This was one of my most anticipated books of the year, partly because I was lucky enough to talk with the author about it a whole year before it came out. I was looking forward to the conclusion of the Gaither sisters' story arc, as well as the southern setting and family history.
When we rejoin Delphine, Vonetta, and Fern, they are on their way to the Greyhound terminal to begin their journey to visit Big Ma and her mother, Ma Charle,s in rural Alabama. There are several potential sources of conflict, both overt and less obvious. Pa's new wife ("Mrs.") is pregnant. The friction between Delphine and Vonetta is still present, as is Vonetta's resentment towards Uncle Darnell, who's out of rehab and living with Big Ma. (It's a difficult time all around for Vonetta). And then there's the bad blood - buckets of it - between Ma Charles and her half-sister, Miss Trotter. The two sisters live on opposite sides of the same creek, but haven't spoken in decades. Oh, and the family ties to the Klan.
If you think that all makes Gone Crazy in Alabama sound like an awfully ambitious novel, then you are correct. Williams-Garcia has a lot of plot threads to weave together, a new setting and several new characters to introduce, and a trilogy to bring to a satisfying close. For the most part, she accomplishes all of it with finesse. The relationship among the three sisters, especially Delphine and Vonetta, is going through some growing pains, and the resolution of that arc is poignant, as is Vonetta's reconciliation with Uncle Darnell. The Alabama setting - lazy and idyllic on the surface, complicated underneath - is well-realized. There are several intriguing new characters, especially Ma Charles and Miss Trotter, whose mutual sniping provides much of the book's humor.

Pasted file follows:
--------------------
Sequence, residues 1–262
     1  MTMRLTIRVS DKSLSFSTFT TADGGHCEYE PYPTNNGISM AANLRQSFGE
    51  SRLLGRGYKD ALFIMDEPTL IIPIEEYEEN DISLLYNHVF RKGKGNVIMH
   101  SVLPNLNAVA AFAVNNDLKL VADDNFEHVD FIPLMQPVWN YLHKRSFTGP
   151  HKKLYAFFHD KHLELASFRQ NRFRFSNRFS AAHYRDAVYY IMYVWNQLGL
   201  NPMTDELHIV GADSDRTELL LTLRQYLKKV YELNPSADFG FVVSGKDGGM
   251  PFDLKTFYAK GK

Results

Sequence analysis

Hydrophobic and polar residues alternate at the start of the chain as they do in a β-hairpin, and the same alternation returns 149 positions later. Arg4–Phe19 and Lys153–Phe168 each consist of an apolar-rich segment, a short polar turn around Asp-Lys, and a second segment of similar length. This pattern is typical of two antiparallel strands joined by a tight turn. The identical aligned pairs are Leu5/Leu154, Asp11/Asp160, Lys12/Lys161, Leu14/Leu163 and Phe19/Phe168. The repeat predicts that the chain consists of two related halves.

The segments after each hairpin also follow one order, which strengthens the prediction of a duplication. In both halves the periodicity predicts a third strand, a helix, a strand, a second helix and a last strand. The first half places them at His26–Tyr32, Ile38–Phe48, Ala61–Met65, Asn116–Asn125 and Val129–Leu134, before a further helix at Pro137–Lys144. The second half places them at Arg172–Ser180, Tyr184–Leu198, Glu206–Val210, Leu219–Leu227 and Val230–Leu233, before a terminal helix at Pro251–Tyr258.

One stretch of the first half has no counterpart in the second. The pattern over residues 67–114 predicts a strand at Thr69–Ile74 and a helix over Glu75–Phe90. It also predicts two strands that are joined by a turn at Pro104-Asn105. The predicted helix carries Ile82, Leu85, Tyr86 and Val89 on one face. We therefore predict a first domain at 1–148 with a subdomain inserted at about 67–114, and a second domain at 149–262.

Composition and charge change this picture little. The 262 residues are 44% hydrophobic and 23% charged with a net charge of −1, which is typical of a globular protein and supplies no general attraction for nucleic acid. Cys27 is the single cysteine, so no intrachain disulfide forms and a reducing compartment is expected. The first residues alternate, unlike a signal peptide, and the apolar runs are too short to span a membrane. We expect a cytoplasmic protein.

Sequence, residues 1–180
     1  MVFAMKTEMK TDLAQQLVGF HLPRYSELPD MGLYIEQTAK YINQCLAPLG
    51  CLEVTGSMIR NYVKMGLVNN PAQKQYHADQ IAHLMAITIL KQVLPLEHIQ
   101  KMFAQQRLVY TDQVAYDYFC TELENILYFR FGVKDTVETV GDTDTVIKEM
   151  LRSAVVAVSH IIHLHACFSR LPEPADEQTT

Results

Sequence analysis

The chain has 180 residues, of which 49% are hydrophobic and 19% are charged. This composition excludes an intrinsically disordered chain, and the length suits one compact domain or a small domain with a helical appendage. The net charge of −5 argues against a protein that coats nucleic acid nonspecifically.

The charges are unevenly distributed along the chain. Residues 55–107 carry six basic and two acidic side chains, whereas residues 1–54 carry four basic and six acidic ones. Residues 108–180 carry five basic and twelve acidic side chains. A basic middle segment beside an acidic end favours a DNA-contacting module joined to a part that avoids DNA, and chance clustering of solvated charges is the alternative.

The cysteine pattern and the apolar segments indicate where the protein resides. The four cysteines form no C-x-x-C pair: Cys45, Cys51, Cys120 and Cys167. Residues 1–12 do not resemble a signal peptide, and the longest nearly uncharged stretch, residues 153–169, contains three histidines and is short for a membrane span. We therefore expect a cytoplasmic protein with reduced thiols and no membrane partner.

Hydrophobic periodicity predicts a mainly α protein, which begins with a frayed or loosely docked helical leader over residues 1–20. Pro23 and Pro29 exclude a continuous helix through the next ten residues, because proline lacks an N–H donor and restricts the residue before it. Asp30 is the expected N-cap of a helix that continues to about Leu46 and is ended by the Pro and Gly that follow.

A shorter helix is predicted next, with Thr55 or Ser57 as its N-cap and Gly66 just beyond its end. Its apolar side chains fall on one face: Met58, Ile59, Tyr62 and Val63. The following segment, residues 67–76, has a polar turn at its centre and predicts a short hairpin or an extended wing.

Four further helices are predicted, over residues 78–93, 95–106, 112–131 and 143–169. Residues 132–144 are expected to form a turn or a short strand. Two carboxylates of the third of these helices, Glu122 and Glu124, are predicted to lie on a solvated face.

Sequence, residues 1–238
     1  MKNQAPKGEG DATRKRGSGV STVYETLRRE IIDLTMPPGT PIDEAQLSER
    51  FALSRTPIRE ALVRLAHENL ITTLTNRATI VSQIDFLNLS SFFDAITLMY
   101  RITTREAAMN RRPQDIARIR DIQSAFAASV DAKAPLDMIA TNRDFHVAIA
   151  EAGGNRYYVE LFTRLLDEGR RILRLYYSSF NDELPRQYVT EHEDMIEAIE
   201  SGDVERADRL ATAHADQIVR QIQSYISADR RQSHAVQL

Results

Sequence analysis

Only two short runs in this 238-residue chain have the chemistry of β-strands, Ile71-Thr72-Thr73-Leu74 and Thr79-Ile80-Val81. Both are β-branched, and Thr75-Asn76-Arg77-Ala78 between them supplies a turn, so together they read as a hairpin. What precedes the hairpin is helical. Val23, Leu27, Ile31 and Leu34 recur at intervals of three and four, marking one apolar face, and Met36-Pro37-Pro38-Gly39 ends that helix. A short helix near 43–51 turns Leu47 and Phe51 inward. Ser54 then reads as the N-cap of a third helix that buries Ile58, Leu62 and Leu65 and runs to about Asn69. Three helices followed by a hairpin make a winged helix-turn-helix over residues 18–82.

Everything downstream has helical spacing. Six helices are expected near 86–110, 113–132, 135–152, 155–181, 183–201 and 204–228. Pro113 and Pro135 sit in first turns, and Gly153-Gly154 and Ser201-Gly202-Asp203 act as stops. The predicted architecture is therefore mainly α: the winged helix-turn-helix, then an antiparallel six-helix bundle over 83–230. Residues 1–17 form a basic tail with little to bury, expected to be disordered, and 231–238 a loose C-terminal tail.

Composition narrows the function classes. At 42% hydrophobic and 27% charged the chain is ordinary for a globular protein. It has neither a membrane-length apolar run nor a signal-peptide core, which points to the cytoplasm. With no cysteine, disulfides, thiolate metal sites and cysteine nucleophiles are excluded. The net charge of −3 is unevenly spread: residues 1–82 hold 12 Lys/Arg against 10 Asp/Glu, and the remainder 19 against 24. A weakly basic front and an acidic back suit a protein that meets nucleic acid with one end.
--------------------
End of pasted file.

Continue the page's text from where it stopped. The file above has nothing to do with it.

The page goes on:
On the whole though, this is not nearly as funny a book as either of the previous two. There is a brush with tragedy that takes up several chapters, but even before that, most of the characters are going through difficult times for various reasons. That's all handled deftly enough that it doesn't weigh down the narrative, but some of the family history does slow the pace. Telling it through Ma Charles and Miss Trotter's dueling narratives is clever, but it's still a lot of history to get through, and as a reader I often felt lost. Your mileage may vary.
Taken as a whole, Gone Crazy showcases the lovely prose, sharp dialogue, and larger-than-life situations that Rita Williams-Garcia writes so well. The many fans of the Gaither sisters will find it a satisfying conclusion to the series.
Published in April by Amistad/HarperCollins